Heckert leads Patridge, Hoppe in DA race
Early returns show Chief Deputy District Attorney Beth Heckert with a commanding lead in the district attorney's race.
Heckert had 15,981, or 55.5 percent, of the votes tallied at 10:15 p.m. Challengers Rob Patridge, district director for U.S. Rep. Greg Walden, R-Ore., had 27.8 percent with 8,004 votes, and Deputy District Attorney David Hoppe was at 16.6 percent with 4,790 votes.
District Attorney Mark Huddleston will retire in December, leaving the top spot in law enforcement open for the first time in two decades.
(Correction: The length of Huddleston's tenure at the office has been corrected in this story.)
If one candidate emerges with more than 50 percent of the votes in final results, that person will be the new district attorney. Otherwise the top two candidates will face off in the November election.
Heckert was pleased with her numbers. She thanked voters and volunteers for their support. But Heckert said she would wait for the final returns and was unwilling to claim victory as the county's first female DA.
"I want to see one more round come in," Heckert said.
Patridge expressed disappointment in the early returns. But he also was "watching to see what happens" with the later numbers.
"We have another 10,000 votes to count for sure," Patridge said. "Maybe double that."
The trio has been battling for votes in public forums for the past several weeks, blitzing the airwaves with commercials and blanketing the countryside with their campaign signs.
Huddleston gave his endorsement to Heckert, describing her as "extremely qualified," and noting she has extensive trial court and administrative experience.
Heckert has been with the prosecutors' office for 23 years after being hired immediately out of law school.
A lot has changed since Heckert began in the DA's office, she said. Formerly a "man's world," the office now is about 50 percent female, Heckert said. More and more women have entered the courtroom as attorneys and taken the bench as judges, she said.
Heckert said she'd be proud to be the county's first female district attorney. But added she has earned her way to the top spot in law enforcement. While grateful for the support she has received from Huddleston, Heckert said she would make changes to the office, including offering clearer guidelines for plea bargains, particularly in domestic violence cases.
All three candidates voiced support for addressing drug and alcohol problems through treatment programs, rather than incarceration. They also agreed on a need to find mental health solutions for those who are ill and caught up in the criminal justice system.
Patridge, a three-term state representative who served as majority whip for the GOP in the Legislature, spent about three years as a Jackson County deputy district attorney in the late 1990s. He also served on the Medford City Council and was general counsel for Pacific Retirement Services, operators of the Rogue Valley Manor and other retirement centers.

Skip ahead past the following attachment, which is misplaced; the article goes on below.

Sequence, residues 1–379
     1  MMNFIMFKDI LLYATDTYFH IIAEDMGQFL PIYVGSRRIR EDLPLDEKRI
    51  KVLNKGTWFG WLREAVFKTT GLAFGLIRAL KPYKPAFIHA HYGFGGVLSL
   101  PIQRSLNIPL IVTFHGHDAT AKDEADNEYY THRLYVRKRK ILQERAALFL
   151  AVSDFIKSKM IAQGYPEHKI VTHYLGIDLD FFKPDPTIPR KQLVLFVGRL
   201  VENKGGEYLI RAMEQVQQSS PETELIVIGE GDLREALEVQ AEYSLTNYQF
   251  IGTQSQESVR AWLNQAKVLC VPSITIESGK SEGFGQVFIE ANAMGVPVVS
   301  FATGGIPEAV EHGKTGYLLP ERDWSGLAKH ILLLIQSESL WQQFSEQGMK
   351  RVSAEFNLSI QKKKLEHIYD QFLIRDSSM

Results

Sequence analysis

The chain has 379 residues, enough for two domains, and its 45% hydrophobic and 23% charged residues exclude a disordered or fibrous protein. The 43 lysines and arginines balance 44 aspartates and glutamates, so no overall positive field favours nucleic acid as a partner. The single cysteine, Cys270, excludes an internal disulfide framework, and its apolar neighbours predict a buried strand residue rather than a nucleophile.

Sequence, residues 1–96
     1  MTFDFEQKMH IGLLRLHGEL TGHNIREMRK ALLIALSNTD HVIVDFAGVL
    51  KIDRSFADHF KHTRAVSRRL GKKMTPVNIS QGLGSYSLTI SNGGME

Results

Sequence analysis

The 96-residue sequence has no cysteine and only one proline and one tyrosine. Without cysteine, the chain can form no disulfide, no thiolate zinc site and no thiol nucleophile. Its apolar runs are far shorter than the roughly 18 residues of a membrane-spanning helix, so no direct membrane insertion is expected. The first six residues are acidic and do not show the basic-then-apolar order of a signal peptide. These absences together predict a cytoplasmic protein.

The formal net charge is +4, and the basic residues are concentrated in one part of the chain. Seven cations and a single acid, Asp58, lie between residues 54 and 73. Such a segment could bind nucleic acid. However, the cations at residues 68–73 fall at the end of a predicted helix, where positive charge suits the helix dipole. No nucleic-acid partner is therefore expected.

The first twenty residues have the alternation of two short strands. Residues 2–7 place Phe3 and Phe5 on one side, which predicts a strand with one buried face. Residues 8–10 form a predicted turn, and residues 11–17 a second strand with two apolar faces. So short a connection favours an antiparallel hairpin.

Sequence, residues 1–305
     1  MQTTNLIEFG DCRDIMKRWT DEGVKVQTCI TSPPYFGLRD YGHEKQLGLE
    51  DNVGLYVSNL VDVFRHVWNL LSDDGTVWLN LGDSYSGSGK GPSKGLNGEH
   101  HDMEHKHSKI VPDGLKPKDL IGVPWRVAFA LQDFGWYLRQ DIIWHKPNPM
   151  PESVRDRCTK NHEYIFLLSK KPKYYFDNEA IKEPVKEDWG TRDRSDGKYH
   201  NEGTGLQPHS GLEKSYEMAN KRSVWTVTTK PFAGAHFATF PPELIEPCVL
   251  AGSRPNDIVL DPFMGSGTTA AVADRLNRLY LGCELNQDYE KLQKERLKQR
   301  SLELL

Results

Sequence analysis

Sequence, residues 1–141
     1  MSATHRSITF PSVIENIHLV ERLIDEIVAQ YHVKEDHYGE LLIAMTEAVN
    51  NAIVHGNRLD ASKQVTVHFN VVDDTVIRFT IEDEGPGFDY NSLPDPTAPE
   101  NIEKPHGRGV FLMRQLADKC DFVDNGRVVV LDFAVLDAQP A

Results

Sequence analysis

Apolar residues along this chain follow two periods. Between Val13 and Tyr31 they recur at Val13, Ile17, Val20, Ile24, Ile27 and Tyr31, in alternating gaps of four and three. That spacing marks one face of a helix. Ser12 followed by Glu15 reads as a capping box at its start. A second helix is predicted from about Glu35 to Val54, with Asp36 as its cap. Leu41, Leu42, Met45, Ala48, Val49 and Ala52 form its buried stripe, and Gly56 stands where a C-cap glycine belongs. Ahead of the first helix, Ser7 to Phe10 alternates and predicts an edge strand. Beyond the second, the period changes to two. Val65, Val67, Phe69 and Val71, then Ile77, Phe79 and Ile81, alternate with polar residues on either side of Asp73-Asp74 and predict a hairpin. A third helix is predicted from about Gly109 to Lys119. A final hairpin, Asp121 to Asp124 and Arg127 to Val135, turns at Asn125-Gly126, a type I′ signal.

Patridge was endorsed by Walden, numerous current legislators, Medford City Council members, Jackson County commissioners and Jackson County Sheriff Mike Winters and the Mail Tribune editorial staff.
Patridge called for major changes within the DA's office, stating law enforcement is frustrated with the status quo. Patridge also stressed a need to update the technology in the office, including adding electronic filings and notifications.
Patridge said the DA's office has an antiquated data retrieval system, and it needs to become more collaborative with local nonprofit groups, such as the Southern Oregon Meth Project, and provide free legal training for police officers. Patridge also said he wanted to hold town-hall meetings to work with neighbors and community leaders on crime prevention.
Heckert and Hoppe hammered back at Patridge's criticism, calling him a career politician with little prosecutorial experience.
Hoppe has worked in the District Attorney's Office for 11 years. He was the first winner of the Oregon Department of Public Safety Standards and Training Child Abuse Prosecutor of the Year Award, and he served as chairman of the Jackson County Domestic Violence and Sexual Assault Council. He is the prosecution representative at Sexual Assault Resource Team meetings and trains reserve police officers on sex crimes.
Hoppe said he's still waiting for the final tally, but said he is pleased to see his colleague was so far ahead of Patridge.
"Obviously I'd be pleased if a professional prosecutor won this race," Hoppe said.
Sanne Specht is a reporter for the Mail Tribune. Reach her at 541-776-4497 or e-mail email@example.com.